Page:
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Indirect Tax

Sales tax vs. use tax: the differences

· 14 minute read

· 14 minute read

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 What is sales tax?

 What is use tax?

 Sales tax vs. use tax



Calculating, collecting, and reporting sales tax and use tax can get complicated as a business grows, and it can be easy to confuse these two types of indirect taxes. Changing tax regulations can also make it challenging to keep pace. However, it is important to understand both the differences and similarities to help ensure compliance and visibility into a company’s costs.

Sales tax and use tax are both a form of indirect tax, meaning they are a tax that can be shifted to others. While they are both a tax paid to the government on the purchases of goods or services, there are differences in how they are collected and paid to the government.

They are an important source of revenue for the government and every state with a sales tax also imposes use tax. This is meant to prevent state residents from avoiding the sales tax by purchasing their goods online. To gain a better understanding of sales tax versus use tax, let’s take a closer look.

What is sales tax?

Sales tax is a tax imposed on the sale of goods and services. It is typically a percentage of the purchase price and is added to the final cost of the product or service. The rate of sales tax varies by location, with different states and localities having their own rates. In the United States, sales tax is not a federal tax, but rather a state and local tax. Sales tax revenue is used to fund various government programs and services such as education, transportation, and healthcare.

Sales tax is a tax collected by a company on the retail sales of goods and services when the final sale in the supply chain is reached.

Retail sales taxes are important sources of revenue within the United States. Forty-five states and the District of Columbia collect statewide sales tax. There are also local sales taxes, which are collected in 38 states. Local sales taxes can, in some instances, even exceed state rates.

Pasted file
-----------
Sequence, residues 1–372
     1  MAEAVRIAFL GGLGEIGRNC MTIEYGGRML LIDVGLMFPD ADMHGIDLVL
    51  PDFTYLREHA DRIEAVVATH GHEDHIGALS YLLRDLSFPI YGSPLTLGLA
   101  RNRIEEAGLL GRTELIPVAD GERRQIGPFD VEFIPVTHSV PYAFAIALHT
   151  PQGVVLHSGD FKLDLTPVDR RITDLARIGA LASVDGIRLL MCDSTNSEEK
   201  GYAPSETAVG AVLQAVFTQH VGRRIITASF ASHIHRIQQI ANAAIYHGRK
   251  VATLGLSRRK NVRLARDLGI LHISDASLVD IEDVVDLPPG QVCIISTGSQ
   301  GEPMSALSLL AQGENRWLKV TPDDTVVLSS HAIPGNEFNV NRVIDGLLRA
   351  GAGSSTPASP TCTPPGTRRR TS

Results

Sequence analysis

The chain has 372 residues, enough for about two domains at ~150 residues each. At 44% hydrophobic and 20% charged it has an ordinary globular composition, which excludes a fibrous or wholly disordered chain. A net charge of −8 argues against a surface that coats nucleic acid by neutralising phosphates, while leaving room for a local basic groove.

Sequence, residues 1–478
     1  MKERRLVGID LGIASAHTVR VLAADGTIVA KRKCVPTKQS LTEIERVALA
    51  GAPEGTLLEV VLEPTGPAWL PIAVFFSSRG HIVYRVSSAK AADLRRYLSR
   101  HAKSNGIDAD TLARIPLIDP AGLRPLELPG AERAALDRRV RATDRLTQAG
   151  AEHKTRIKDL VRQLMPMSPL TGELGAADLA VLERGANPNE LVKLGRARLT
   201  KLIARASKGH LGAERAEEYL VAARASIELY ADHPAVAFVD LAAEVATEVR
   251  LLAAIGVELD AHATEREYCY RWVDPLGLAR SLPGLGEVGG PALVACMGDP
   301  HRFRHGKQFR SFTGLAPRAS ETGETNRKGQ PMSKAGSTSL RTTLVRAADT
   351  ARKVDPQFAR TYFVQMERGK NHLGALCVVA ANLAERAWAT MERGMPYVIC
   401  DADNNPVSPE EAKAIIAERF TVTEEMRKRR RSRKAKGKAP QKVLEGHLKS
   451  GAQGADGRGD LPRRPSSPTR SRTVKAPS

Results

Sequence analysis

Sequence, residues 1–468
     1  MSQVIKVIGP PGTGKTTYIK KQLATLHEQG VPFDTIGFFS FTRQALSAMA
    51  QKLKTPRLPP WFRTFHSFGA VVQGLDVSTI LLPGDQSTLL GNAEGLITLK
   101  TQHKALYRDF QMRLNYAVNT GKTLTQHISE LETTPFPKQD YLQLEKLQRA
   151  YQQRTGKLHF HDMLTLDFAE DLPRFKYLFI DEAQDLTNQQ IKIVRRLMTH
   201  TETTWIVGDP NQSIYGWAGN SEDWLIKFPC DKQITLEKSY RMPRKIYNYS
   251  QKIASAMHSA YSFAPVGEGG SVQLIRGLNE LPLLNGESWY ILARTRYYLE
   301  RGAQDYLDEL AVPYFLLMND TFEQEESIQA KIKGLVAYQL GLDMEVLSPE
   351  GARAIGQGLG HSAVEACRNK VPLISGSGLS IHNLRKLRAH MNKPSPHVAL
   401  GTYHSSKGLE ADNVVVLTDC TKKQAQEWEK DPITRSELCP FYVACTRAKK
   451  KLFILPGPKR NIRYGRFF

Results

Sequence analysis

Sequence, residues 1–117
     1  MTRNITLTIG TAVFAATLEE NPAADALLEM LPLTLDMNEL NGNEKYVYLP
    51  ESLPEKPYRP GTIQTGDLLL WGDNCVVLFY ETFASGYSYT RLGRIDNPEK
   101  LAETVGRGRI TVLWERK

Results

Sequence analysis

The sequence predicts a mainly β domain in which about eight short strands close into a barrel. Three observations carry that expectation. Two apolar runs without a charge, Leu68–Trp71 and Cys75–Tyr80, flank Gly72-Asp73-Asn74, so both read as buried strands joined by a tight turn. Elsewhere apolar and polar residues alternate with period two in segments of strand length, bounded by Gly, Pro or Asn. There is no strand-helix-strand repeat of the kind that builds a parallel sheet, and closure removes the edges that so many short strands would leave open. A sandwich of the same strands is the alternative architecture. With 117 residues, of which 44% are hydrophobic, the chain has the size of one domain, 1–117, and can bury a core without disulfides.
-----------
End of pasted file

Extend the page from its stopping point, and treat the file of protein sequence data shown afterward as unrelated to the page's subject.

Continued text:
At the state level, it is not uncommon to have more than one sales tax rate. Items deemed necessities like groceries may have a lower tax rate (or even be exempt) in an effort to provide some low-income tax relief. Meanwhile, some states may apply a higher tax to goods and services usually consumed by tourists, like hotels and rental cars.

As noted above, many states also have local sales taxes. Local sales taxes often apply to the same items as the state sales tax. Therefore, calculating the total state and local sales tax typically involves adding the state rate to the local rate and multiplying it by the cost of taxable items.

Given that sales tax rates often differ at the state and local levels, this can sway a consumer to shop across borders for a lower rate or buy their products online.

For instance, when this article was published, Louisiana ranked among the states with the highest average combined state and local sales tax rates at 9.6 percent; whereas, Maine ranked among the lowest at 5.5 percent.

What do governments do with the sales tax revenue generated? Oftentimes, much of what is collected in sales tax revenue goes into a General Fund. This is then used to pay for various services and projects (like schools and infrastructure) across the state.

For example, in California, retail sales of tangible items are generally subject to sales tax. The state sales and use taxes provide revenue to the state’s General Fund, to cities and counties through specific state fund allocations, and to other local jurisdictions.

California does exempt some items from sales and use tax, including:

  • Sales of certain food products for human consumption (many groceries)
  • Sales to the U.S. Government
  • Sales of prescription medicine and certain medical devices
  • Sales of items paid for with food stamps

Clearly, there are several factors to consider as it relates to sales tax. Therefore, it is important to have the right tools and resources in place to navigate the complexities and ensure compliance.

Who remits sales tax?

The responsibility of remitting sales tax typically falls on the seller or merchant who makes the sale. It is their responsibility to collect the sales tax from the customer at the time of the sale and then remit that tax to the appropriate government agency. The seller must keep accurate records of their sales and the taxes collected, and file regular reports with the government agency that collects the tax. Failure to remit sales tax can result in penalties and legal consequences for the seller.

Sales tax is added to the sales price of a good or service and is then charged by the retailer to the end consumer. The retailer then remits that collected tax to the government. Tax jurisdictions only receive tax revenue when a sale is made to the end consumer.